News / 13.10.2010

Limiting the sphere of public broadcasting is a bad idea

Linus Atarah

Finnish commercial broadcasters have been at the throat of YLE, the Finnish public broadcaster accusing it of over extending its remit into programme areas that should be left to commercial broadcasting.

But a gathering of prominent broadcasters and researchers in a seminar organised by Radio and Television Journalists Federation (RTTL) in Helsinki last week said confining public broadcasters such as YLE to limited programme areas is counterproductive.

“If the question is whether YLE should be a media enterprise offering a diversified service and integrating the whole society or something filling in the gaps left by the commercial channels, I have a clear response, rather a comprehensive than a complementary service”, said Heikki Hellman, a journalist in Helsingin Sanomat.

Andra Leurdijk, senior researcher and consultant at the Netherlands-based TNO Information and Communication Technology, said restricting public broadcasters remit is a bad idea because it would make public broadcasting companies to lose out in the digital age and along with it, the young people and the ability to reach out to a broader audience.

YLE has fifty per cent of market share in radio and about 45 per cent in television, with four television and six radio channels. Therefore the commercial broadcasters who are struggling for a decent market share would naturally view YLE as depriving them of something.


Public broadcasting in a democratic society, says Hellman, should play the role of cementing social cohesion by serving as a forum that pulls the citizens together. It can only do that by being able to reach out for a universal audience with a diversified programming otherwise it will not permeate the audiences as it has to in order to fulfil this task

 “If you think it is important to have good quality programming that can bind people together, provide platform for debate, provide good journalism that gives space to people who want to experiment with new programming formats, then there is the need to continue supporting public broadcasting”, says Leurdijik.

Financing public broadcasting is equally a thorny issue as defining its remit.


The attempt to scrap the license fee in Finland and replace it with a new media fee covering every household has been scuppered by lack of political will. So the future of financing of YLE is yet unknown until a new government assumes power after the elections in the spring.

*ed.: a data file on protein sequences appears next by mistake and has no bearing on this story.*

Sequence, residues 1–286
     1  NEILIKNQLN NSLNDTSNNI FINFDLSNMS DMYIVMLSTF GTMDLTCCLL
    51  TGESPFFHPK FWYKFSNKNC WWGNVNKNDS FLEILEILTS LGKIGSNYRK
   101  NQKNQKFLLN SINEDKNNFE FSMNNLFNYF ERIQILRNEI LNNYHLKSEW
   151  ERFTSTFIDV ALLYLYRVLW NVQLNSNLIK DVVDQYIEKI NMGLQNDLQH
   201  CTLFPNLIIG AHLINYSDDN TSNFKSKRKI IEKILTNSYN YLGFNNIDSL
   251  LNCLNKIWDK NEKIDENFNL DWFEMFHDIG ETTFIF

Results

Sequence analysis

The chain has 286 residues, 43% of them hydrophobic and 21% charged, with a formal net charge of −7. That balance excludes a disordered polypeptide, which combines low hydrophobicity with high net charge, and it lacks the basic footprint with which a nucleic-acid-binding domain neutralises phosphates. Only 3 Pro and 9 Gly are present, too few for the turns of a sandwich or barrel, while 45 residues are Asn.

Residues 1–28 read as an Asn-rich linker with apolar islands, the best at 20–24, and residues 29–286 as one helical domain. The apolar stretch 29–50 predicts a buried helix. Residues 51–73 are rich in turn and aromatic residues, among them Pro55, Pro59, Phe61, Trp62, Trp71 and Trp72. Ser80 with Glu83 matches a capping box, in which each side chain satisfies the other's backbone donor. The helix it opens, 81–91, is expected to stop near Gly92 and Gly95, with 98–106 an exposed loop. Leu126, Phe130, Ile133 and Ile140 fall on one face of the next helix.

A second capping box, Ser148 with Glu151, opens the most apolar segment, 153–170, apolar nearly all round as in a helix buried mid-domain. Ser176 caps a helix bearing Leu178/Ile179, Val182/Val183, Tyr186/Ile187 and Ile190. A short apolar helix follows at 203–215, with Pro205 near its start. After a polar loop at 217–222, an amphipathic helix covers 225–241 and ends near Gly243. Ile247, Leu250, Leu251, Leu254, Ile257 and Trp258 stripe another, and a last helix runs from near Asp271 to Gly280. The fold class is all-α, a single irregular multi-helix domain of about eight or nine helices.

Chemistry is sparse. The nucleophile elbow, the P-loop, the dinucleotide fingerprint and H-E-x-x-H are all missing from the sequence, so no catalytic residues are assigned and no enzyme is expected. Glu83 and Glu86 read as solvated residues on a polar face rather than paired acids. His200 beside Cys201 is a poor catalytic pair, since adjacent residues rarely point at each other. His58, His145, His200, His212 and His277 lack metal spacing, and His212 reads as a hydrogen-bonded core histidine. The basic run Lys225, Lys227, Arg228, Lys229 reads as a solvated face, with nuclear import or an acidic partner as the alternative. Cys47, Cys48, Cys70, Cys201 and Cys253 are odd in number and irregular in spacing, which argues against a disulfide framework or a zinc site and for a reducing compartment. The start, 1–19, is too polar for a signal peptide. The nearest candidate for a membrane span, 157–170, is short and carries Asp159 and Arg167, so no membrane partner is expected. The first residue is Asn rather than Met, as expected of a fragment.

But Andra Leurdijik advises that Finland can device any financing model for its public broadcasting but it should steer clear of the Dutch model which scrapped the license fee and replaced with financing public broadcasting from the state budget.

Funding of public broadcasting from state budget leads to much more direct influence from the government. “That would make the arm’s length to the government’s process too short”, says Christian Nissen, former director of Denmark’s broadcasting company DR. Nissen is definitely in favour of a license fee.

The pitfall in budget financing is that it can be overturned overnight but with license fee, in spite of its own shortcomings, is gradual and not subject to annual debate within the cabinet.

However, in Finland the prospect for license fee to redeem public service broadcasting is rather fading because there is too much evasion and so the best option according to Hellman, would probably be a media fee that covers all households.

YLE is operating with a budget of deficit of 30 Euros. Next year that will be reduced to 20 million due the to14 Euros increase in TV license fee announced this spring.

The new CEO of YLE, Lauri Kivinen has suggested that the hole be patched by increasing the use of domestic production and giving away the rights to certain sporting events.


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